Last Updated September 5, 2023.
This presence of mind, joined to the frankness of the youth, staggered Manfred. He even felt a disposition towards pardoning one who had been guilty of no crime. Manfred was not one of those savage tyrants who wanton in cruelty unprovoked. The circumstances of his fortune had given an asperity to his temper, which was naturally humane; and his virtues were always ready to operate, when his passions did not obscure his reason.
Theodore impresses Manfred, which shows that Manfred has not turned to complete evil at the beginning of the novel. The narrator tells us the Manfred was not born evil but became so because of circumstances. The novel also makes a plea for rationality—Manfred's emotions overcoming his reason are his undoing.
The next transition of his soul was to exquisite villainy.
Manfred does become a villain—and he doesn't do it by half measures, as the term "exquisite villainy" indicates. He is a character we love to hate.
It is sinful to cherish those whom heaven has doomed to destruction. A tyrant's race must be swept from the earth to the third and fourth generation.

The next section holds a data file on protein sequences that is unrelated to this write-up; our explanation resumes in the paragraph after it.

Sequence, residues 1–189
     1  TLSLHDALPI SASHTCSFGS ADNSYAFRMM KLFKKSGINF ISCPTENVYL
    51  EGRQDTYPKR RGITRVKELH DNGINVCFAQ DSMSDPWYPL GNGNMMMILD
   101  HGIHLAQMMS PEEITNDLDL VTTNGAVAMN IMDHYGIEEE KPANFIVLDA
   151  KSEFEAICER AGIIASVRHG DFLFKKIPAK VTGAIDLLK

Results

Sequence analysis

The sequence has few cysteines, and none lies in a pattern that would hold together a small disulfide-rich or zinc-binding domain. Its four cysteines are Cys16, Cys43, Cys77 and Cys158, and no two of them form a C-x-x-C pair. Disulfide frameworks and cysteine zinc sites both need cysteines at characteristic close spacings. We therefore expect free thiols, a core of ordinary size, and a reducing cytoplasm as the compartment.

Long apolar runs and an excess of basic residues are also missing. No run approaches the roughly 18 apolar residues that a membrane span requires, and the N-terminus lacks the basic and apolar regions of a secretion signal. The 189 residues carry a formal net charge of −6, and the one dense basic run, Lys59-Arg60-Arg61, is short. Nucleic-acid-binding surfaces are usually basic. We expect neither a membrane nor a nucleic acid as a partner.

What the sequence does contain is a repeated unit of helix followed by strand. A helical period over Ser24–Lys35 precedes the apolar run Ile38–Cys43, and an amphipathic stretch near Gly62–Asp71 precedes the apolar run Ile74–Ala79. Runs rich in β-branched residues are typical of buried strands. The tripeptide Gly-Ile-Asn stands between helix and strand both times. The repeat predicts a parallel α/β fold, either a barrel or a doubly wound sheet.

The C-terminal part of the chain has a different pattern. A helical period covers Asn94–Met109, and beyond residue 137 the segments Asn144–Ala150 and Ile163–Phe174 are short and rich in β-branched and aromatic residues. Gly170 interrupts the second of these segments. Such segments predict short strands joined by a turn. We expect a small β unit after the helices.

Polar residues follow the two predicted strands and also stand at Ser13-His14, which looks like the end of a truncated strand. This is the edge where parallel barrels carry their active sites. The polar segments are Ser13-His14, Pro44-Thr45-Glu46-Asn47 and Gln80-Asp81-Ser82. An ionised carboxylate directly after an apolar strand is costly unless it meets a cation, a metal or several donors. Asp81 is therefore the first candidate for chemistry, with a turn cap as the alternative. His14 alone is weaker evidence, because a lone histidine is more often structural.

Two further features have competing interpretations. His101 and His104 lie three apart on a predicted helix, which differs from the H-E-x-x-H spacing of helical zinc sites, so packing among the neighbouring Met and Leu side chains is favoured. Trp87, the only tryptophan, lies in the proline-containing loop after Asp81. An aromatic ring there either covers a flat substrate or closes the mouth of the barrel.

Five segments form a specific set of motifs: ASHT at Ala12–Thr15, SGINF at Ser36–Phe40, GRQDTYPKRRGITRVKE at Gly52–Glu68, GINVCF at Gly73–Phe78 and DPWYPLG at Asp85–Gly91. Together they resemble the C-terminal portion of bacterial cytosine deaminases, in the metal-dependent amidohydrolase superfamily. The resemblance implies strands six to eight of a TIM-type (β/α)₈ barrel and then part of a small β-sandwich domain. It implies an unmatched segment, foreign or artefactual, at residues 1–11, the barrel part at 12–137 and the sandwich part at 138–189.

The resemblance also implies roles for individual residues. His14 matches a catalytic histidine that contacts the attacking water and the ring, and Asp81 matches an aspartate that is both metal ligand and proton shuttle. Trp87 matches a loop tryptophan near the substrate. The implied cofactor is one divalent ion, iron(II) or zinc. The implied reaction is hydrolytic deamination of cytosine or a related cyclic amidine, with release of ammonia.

Father Jerome, the friar, tries to warn his son away for Matilda, the woman Theodore loves, because she is part of a family fated to be destroyed.
The hand! the giant! the hand!—support me! I am terrified out of my senses.
This is one piece of evidence of the supernatural in this novel, a tale which established the supernatural as an element of the Gothic. Here, Bianca, Matilda's servant, tells of seeing the ghost's giant hand, which symbolizes the hand of God. Drops of blood from the nose of a statue, a ghost—such supernatural events add to the novel's sense of horror, melodrama, and foreboding.
Frederic offered his daughter to the new Prince, which Hippolita’s tenderness for Isabella concurred to promote. But Theodore’s grief was too fresh to admit the thought of another love; and it was not until after frequent discourses with Isabella of his dear Matilda, that he was persuaded he could know no happiness but in the society of one with whom he could for ever indulge the melancholy that had taken possession of his soul.
By the end, Theodore is reconciled to the idea of marrying Isabella, though his first love is the dead Matilda. There may be a hint of foreboding in the statement that events have led to Theodore's developing a "melancholy" soul because of all that has happened. Though he has ended up as the lord of Otranto, he has lost something along the way, too.